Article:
A Writer’s Notebook



I have been reading the book on the left all day today. It is a really easy and quick read and even better, it gives great ideas. It is such an easy read, that I would almost recommend reading some of the stories in there to your classroom.

If you are implementing a writer’s notebook like I am this year, I think there are certain parts that would be awesome to read to your class because it just makes the notebook even more realistic. It shows how a real writer uses their writer’s notebook to come up with ideas and generate their personal writing into published pieces.

If you have this book, here are some of the things that would be good to read aloud:

  1. Chapter 2: Fierce Wonderings – The chapter talks about the word “bottomless” and how there are some questions that just don’t have answers and it gives examples from 4th and 5th graders by sharing their writing. It is just short pieces and it goes quickly. It gives them the idea that when asking questions, it’s okay not to always know the answer.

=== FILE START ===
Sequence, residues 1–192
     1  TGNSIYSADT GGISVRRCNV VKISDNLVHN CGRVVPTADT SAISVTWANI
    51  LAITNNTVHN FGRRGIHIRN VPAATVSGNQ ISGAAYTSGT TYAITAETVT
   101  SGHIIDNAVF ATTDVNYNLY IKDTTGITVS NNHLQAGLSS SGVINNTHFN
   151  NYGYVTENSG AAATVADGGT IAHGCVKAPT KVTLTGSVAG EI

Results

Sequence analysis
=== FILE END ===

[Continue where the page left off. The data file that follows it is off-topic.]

2. Chapter 5: Mind Pictures – In this chapter, he is telling the reader that they should always be paying attention to the world around them, this is where they will get their ideas for writing from, by looking around and seeing their environment. It is a little long so I suggest picking and choosing what you want to read. I would go with the first couple of pages, they are the best.
  3. Chapter 6: Snatches of Talk – pages 60-66. – It tells about how the author was writing down what his 2 year old was saying and then would listen to people’s conversations in public places and write down the snatches of conversations that he heard and this is a great way to generate dialogue.
  4. Chapter 7: Lists – This is a good one because it gives some ideas of what students can write in their notebooks, if you wanted to create prompts based on this chapter, that would be ideal!


I have not finished the book yet, but I would really suggest buying this book.


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